Srilanka has signed an agreement that hands over control of an important port on its southern Coast for a lease period of 99 years. These Chinese firms will hold over 70% stake of the Hambantota port.
The port was sold by political oppositions and trade unions for $1.1 billion because the Srilankan government struggled to repay loan debt taken from Chinese state-owned bank. The project was occuring heavy losses and they needed to pay this debt off as they owe the Chinese government a total of $8bn.
“With [the Hambantota port] agreement we have started to pay back the loans,” Sri Lankan prime minster Ranil Wickremesinghe said during a handing-over ceremony in parliament. “Hambantota will be converted to a major port in the Indian Ocean”.
Hambantota is a strategic port as it sits on one of the world’s most busiest marine routes with most of the east-west trade passing through the Indian Ocean’s sea lanes.
China Merchants Port Holdings company will now hold a major stake in the port and will pay Sri Lanka starting with an amount of $300 million. International experts and analysts say this will increase China’s geopolitical ambitions and fear that Srilanka will lose its sovereignty, “Government is playing geopolitics with national assets? #stopselling SL” local MP Namal Rajapaksa said.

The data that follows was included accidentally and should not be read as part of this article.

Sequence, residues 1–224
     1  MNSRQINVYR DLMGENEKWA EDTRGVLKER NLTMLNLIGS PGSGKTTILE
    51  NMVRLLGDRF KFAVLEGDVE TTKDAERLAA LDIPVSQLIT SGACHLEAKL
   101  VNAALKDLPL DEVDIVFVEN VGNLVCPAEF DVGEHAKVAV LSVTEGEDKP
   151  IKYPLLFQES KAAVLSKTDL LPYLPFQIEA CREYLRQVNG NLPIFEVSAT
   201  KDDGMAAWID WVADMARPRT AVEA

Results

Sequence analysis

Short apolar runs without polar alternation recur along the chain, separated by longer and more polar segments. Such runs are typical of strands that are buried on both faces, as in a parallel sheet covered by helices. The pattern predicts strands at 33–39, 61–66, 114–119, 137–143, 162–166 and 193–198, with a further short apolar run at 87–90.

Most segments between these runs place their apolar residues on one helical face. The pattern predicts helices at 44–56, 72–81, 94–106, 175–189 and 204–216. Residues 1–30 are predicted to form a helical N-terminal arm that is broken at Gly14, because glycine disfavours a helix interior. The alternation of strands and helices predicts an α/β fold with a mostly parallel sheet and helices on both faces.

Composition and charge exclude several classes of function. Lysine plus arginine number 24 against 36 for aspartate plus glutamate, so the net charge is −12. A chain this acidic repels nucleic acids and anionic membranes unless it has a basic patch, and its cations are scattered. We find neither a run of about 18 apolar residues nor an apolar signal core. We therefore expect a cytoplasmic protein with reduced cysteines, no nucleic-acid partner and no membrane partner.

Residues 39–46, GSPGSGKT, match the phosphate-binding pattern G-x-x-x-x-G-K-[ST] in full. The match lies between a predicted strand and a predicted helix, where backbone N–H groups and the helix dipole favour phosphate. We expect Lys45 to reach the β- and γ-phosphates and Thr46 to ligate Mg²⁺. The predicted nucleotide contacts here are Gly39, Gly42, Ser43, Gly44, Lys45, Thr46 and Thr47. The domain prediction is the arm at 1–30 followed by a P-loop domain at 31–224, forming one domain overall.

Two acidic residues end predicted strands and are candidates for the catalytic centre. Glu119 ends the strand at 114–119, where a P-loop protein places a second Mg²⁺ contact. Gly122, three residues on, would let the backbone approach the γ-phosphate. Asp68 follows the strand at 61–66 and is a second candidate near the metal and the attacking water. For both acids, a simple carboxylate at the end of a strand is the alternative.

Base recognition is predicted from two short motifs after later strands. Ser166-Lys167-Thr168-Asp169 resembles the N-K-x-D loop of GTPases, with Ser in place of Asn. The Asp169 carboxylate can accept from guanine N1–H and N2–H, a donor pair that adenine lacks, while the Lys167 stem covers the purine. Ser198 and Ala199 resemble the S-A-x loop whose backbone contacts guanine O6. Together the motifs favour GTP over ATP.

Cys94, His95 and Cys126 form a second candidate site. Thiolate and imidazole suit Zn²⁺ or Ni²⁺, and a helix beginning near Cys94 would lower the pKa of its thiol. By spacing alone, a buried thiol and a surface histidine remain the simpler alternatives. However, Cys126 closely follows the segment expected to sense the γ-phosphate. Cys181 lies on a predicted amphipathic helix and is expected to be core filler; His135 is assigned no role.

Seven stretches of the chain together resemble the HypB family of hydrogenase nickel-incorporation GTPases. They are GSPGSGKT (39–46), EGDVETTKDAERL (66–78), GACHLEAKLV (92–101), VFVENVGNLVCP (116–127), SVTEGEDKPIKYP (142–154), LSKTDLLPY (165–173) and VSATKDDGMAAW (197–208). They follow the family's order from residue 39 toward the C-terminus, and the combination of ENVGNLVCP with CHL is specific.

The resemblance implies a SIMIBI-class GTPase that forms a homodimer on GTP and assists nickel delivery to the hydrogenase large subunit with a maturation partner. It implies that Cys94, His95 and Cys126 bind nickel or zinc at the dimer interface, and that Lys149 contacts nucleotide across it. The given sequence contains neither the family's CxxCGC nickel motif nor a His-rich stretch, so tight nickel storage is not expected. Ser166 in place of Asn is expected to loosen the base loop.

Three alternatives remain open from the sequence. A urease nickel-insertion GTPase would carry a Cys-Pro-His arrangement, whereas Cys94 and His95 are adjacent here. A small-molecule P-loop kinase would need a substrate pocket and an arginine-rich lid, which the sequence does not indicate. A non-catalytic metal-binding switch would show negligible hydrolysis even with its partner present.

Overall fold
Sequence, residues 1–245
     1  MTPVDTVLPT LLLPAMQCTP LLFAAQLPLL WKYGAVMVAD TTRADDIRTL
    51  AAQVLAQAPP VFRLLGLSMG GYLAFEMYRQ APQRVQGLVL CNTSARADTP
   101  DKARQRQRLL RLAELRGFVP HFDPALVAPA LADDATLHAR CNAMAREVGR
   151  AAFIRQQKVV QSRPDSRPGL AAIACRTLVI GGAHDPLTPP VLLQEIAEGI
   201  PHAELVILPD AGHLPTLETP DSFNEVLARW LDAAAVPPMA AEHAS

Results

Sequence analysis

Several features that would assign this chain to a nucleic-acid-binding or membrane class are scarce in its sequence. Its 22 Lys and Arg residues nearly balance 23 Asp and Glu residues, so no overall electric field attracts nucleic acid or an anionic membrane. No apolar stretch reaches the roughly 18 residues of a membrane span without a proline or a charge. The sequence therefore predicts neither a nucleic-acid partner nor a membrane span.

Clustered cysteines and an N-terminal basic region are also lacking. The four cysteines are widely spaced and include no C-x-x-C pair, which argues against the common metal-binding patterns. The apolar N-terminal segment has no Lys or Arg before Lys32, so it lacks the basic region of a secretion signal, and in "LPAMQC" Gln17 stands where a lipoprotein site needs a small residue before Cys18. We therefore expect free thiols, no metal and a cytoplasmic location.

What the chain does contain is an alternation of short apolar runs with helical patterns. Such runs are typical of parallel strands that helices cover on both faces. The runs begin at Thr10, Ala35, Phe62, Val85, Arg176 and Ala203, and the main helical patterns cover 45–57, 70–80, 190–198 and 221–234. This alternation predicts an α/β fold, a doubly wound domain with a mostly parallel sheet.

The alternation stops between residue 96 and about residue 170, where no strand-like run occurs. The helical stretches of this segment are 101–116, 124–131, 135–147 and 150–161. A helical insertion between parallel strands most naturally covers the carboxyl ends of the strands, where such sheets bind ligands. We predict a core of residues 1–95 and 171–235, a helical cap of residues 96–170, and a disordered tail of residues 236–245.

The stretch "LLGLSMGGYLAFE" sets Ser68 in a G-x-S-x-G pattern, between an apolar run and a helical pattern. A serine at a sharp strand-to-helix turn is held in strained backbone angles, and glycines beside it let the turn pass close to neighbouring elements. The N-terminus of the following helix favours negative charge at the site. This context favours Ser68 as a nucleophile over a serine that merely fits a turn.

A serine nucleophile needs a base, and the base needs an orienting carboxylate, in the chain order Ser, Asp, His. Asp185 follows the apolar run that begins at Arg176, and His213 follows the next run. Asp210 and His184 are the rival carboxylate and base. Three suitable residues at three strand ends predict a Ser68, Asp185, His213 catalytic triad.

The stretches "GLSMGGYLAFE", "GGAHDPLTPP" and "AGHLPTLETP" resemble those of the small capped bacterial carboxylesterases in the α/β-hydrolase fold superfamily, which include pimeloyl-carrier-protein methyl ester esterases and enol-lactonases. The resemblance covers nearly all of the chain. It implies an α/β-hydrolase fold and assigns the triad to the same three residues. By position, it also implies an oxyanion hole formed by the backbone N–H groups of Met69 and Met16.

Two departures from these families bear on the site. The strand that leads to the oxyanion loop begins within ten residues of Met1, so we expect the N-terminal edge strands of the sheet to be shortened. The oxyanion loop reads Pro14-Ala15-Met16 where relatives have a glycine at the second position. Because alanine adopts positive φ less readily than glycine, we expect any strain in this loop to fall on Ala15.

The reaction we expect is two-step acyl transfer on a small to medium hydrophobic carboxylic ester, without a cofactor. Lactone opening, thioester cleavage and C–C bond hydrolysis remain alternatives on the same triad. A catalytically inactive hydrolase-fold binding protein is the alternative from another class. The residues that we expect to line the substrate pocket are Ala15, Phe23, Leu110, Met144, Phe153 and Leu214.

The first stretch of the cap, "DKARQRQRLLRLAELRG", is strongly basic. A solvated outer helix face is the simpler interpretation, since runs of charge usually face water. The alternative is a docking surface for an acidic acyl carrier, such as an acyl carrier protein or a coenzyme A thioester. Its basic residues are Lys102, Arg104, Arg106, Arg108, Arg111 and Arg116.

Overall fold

For China, Acquiring Hambantota is a part of the achieving the ‘One Belt, One Road’ (OBOR) projects worth $100.7 billion and CPEC ‘s $ 55 billion (China- Pakistan Economic Corridor) can be implemented now that Pakistan’s Gwadar port is close to Hambantota.
“China deems the Maldives as an important partner to building the 21st Century Maritime Silk Road” said China’s leader Xi Jinping when he hosted Maldive’s president Abdulla Yameen. President Yameen in response said ” China is among our closest friends, most trusted and most dependable partners”.
Many analysts fear that the move to buy the port is a part of China’s geopolitical goals and that they may use the port to dock its submarines and use it as a naval base or to challenge USA as the world’s pre-eminent maritime power. India moved immediately and leased an unused airport for 40 years, the airport sits adjacent to the Hambantota port for $300 million. “A key element in any overseas naval base, and even a logistics facility, is easy access by air for people and supplies”. “In short, India is spending $300m buying an airport to block a Chinese naval base.”